US2737329A - Filling apparatus for pens and the like - Google Patents

Filling apparatus for pens and the like Download PDF

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US2737329A
US2737329A US30788352A US2737329A US 2737329 A US2737329 A US 2737329A US 30788352 A US30788352 A US 30788352A US 2737329 A US2737329 A US 2737329A
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tube
container
member
pen
end
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Bolsey Jacques
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Bolsey Jacques
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    • BPERFORMING OPERATIONS; TRANSPORTING
    • B43WRITING OR DRAWING IMPLEMENTS; BUREAU ACCESSORIES
    • B43KIMPLEMENTS FOR WRITING OR DRAWING
    • B43K11/00Filling devices

Description

March 6, 1956 J, BQLSEY FILLING APPARATUS FOR PENS AND THE LIKE Filed Sept. 4, 1952 619 70 FIE. 3.

IN V EN TOR. TA QuEs 301.557 BY United States Patent "O 2,737,329 FILLING APPARATUS FOR PENS AND THE LIKE V Jacques Bolsey, New York, N. Y. v

Application September 4, 1952, Serial No. 307,883

6 Claims. (Cl. 226-63) The present invention relates to a filling apparatus for pens and the like.

More particularly, this invention relates to containers, for ink and like, which are especially suited to be used for injecting ink and the like directly into the interior of a pen, for example.

At the present time it is customary to fill pens by dipping the pen point ends thereof into the ink in an ink container. This involves a certain amount of inconvenience because the pen point becomes quite wet and usually needs to be dried, and further because conventional pens, due to the space required by the filling device, hold such a small supply of ink that they must be filled at frequent intervals. Moreover, the amount of ink which is supplied to the pen during the filling thereof is unknown, and it sometimes happens that a pen, which the user thinks is full, only contains a small amount of ink due to improper filling unknown to the user.

It is an object of the present invention to overcome inconveniences of the above nature by providing an ink container which is particularly suitable for filling a pen in a positive and efi'icient way with a considerable supply of ink.

A further object of the present invention is to provide a container which itself holds all of the structure necesvide a container of the above type which is made of relatively few, simple and ruggedly constructed parts and 'which is capable of completely filling a pen or the like in a quick and easy manner.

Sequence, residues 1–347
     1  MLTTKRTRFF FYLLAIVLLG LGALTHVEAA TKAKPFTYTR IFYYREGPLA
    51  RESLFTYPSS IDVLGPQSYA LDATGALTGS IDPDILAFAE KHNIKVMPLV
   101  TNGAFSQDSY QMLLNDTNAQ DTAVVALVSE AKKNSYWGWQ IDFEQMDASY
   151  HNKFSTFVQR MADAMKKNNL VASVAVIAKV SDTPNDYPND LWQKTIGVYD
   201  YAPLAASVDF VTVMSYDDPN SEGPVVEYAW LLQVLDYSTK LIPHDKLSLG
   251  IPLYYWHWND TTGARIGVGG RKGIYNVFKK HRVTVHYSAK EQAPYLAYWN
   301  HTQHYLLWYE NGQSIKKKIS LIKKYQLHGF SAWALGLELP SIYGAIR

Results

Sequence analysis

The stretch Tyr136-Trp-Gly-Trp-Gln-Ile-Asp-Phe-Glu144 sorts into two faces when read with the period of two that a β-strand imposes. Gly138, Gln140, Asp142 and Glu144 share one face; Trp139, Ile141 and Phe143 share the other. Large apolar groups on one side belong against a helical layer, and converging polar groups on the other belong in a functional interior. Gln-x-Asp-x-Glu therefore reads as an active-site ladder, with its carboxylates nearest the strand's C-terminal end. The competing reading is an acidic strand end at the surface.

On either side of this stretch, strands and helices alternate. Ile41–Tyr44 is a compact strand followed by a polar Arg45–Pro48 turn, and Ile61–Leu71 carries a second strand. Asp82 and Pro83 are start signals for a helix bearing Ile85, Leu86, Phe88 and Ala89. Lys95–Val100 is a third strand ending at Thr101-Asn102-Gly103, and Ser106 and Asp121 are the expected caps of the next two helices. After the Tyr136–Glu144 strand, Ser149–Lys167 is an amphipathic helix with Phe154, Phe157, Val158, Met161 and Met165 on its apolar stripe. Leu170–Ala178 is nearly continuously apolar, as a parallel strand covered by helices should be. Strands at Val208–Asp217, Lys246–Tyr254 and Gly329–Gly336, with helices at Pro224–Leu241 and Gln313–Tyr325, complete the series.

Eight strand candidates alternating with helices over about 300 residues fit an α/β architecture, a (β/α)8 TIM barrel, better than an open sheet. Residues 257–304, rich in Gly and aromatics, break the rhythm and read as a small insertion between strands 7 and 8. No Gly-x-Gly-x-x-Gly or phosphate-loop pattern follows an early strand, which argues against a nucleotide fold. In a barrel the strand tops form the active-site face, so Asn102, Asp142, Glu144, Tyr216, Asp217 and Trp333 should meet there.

An additional object of the present invention is to provide containers of the above type with a means for metering the amount of liquid moved out of the container vduring an operation thereof so that a predetermined amount of liquid will be supplied to a pen or the like during each filling thereof.

A still further object of the present invention is to pro- 'vide a container which leaves no ink on the exterior part -of a pen when the latter is filled.

Still another object of the present invention is to pro- 'vide a simple means for efficiently closing containers so that their contents cannot spill.

With the above objects in view, the present invention mainly consists of a filling apparatus, for filling pens and the like, this apparatus including a container, adapted to 'hold a liquid, and a tubular means at least partially mounted in the container and extending to and communicating with the bottom interior portion thereof, this tubular means having an open top end located over the container. A metering means is associated with the tubular means and fills the same, from the interior of the container, with a predetermined amount of liquid to be moved into a pen or the like during filling thereof. The

container may be flexible so that liquid is moved out of the same by compression of the container, or the container may be rigid and the tubular means associated therewith may be constructed to act as a pump for pumping liquid out of the container. Also, both of these latter features may be combined in one container.

The novel features which are considered as characteristic for the invention are set forth in particular in the appended claims. The invention itself, however, both as to its construction and its method of operation, together with additional objects and advantages thereof, will be best understood from the following description of specific embodiments when read in connection with the accompanying drawings, in which:

Fig. 1 is a sectional elevational view of the filling apparatus constructed in accordance with the present invention and shown associated with a pen to be filled, the latter being fragmentarily illustrated in Fig. 1;

Figs. 2a and 2b show two positions, respectively, of a different embodiment of a filling apparatus constructed in accordance with the present invention;

Fig. 3 is a sectional view of one possible pen construction adapted to be used with the filling apparatus of Figs. 1 and 2;